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Harley-Davidson will cut production and jobs after earnings miss

Harley-Davidson, which has about 610 employees at its Kansas City plant, said it had no plans to cut hourly workers but would offer some employees early retirement incentives.
Harley-Davidson, which has about 610 employees at its Kansas City plant, said it had no plans to cut hourly workers but would offer some employees early retirement incentives. Bloomberg

Harley-Davidson’s quarterly earnings and revenue missed expectations, and the company said it would ship fewer motorcycles this year and cut some salaried jobs.

Its stock fell nearly 14 percent Tuesday, closing at $48.25, down $7.80.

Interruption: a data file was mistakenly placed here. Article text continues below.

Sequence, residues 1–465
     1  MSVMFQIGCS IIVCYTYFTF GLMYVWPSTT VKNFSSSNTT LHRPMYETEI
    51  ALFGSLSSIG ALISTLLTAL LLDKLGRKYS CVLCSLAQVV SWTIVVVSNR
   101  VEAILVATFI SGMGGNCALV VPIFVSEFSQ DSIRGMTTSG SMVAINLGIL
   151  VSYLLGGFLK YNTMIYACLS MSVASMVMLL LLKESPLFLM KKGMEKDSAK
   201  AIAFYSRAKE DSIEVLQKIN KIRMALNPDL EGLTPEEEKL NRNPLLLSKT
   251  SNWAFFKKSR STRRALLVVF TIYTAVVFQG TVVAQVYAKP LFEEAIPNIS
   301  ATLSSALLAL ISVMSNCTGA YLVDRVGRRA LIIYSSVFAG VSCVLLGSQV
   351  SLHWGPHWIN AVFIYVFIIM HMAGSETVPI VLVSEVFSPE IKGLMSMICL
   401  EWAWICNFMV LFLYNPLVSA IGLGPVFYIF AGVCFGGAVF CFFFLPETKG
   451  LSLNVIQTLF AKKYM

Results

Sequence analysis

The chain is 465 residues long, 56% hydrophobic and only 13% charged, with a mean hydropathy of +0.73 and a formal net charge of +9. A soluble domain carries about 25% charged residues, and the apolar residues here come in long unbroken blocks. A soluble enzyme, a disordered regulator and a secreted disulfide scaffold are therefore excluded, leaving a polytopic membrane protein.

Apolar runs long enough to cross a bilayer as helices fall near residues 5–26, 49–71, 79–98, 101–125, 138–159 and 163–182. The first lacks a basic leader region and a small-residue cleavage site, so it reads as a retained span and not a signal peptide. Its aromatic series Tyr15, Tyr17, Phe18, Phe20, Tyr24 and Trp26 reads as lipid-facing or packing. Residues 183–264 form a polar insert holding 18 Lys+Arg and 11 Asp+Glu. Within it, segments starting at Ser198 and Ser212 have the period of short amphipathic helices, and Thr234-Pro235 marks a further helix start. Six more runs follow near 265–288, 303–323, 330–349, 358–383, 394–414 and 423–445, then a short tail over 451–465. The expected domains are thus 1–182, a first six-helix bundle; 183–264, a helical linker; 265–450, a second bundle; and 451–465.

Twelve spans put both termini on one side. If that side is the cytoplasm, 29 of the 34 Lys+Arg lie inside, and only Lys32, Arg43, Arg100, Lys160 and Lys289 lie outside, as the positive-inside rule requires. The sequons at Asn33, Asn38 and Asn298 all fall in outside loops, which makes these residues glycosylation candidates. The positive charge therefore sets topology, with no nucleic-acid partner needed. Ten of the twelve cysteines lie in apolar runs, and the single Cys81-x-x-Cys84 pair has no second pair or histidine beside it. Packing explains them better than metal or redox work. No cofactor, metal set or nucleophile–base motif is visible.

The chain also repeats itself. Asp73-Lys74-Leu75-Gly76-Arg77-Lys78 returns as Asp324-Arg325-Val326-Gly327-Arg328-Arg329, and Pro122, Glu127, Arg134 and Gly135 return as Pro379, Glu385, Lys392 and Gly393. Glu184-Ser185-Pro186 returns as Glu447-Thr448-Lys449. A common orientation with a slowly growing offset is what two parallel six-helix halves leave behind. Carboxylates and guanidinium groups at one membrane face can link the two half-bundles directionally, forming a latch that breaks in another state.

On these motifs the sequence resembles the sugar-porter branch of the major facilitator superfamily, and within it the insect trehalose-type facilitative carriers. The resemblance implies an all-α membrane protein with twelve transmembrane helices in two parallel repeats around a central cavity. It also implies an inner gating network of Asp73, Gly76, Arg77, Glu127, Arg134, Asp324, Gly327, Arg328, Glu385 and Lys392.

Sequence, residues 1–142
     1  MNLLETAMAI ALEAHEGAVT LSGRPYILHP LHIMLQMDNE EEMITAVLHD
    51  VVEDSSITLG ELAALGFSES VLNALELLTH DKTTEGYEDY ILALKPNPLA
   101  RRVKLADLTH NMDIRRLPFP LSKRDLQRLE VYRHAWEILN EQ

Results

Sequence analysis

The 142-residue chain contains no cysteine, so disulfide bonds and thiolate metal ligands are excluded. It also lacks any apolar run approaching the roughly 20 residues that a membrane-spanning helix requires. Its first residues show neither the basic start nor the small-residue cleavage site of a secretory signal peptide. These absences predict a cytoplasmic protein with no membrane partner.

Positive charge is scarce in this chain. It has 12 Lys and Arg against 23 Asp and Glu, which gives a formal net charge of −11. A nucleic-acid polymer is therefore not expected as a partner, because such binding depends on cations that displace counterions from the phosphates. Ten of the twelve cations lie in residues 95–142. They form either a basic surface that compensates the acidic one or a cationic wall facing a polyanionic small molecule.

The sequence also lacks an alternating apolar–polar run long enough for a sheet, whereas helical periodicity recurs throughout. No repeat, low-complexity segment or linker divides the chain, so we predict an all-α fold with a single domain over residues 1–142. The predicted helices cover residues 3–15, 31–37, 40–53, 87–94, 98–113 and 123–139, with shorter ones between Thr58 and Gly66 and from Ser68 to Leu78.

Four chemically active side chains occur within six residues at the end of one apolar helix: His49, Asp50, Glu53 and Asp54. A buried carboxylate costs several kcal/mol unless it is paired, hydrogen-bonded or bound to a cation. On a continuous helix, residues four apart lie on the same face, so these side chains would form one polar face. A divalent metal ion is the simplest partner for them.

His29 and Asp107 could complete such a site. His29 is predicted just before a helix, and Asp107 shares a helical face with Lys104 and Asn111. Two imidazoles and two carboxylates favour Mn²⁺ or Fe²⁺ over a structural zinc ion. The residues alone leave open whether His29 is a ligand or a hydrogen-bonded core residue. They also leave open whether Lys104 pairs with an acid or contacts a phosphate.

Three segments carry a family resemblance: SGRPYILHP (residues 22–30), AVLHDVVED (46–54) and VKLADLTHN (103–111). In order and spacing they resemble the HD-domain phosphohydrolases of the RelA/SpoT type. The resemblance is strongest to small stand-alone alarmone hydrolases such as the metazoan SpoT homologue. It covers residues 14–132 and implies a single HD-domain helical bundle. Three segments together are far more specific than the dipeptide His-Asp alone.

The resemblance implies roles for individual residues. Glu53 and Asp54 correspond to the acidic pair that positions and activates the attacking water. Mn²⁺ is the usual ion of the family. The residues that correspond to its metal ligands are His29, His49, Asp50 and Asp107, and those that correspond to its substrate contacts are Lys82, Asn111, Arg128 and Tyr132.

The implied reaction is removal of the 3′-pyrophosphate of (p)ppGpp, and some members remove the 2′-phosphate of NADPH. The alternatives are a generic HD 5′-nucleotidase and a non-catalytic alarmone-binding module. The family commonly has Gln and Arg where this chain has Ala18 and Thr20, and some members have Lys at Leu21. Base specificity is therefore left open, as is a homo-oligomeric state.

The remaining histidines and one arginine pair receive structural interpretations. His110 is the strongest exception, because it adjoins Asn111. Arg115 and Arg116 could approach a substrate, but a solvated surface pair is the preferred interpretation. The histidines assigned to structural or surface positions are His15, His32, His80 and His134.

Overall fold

Harley-Davidson, which has about 610 employees at its Kansas City plant, said it had no plans to cut hourly workers but would offer some employees early retirement incentives “in advance of what we believe will be a global reduction of around 250 salaried positions across the company, largely completed by the end of the year,” said Tony Macrito, Harley’s manager of corporate media relations.

Harley-Davidson is headquartered in Milwaukee. Besides Kansas City, it has production plants in Wisconsin; York, Pa.; Brazil and India.

The company earned $140.3 million, or 69 cents per share, missing Wall Street expectations of 78 cents per share. Revenue rose slightly to $1.14 billion, short of analyst forecasts of $1.21 billion.

The company now expects to ship between 265,000 and 270,000 motorcycles for the year, down from estimates of 276,000 to 281,000.

Harley-Davidson also said it expected expenses of between $30 million and $35 million in the fourth quarter for employee separation and reorganization costs.

Greg Hack of The Star contributed to this report.

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